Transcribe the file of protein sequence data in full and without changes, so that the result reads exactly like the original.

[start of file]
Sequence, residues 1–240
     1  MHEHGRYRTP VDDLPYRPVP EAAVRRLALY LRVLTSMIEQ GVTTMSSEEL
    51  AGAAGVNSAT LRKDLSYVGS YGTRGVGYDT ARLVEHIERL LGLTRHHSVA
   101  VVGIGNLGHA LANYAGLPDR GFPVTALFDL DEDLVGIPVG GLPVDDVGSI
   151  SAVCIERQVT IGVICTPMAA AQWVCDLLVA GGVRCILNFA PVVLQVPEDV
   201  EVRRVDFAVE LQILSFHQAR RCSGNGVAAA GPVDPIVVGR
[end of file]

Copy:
Sequence, residues 1–240
     1  MHEHGRYRTP VDDLPYRPVP EAAVRRLALY LRVLTSMIEQ GVTTMSSEEL
    51  AGAAGVNSAT LRKDLSYVGS YGTRGVGYDT ARLVEHIERL LGLTRHHSVA
   101  VVGIGNLGHA LANYAGLPDR GFPVTALFDL DEDLVGIPVG GLPVDDVGSI
   151  SAVCIERQVT IGVICTPMAA AQWVCDLLVA GGVRCILNFA PVVLQVPEDV
   201  EVRRVDFAVE LQILSFHQAR RCSGNGVAAA GPVDPIVVGR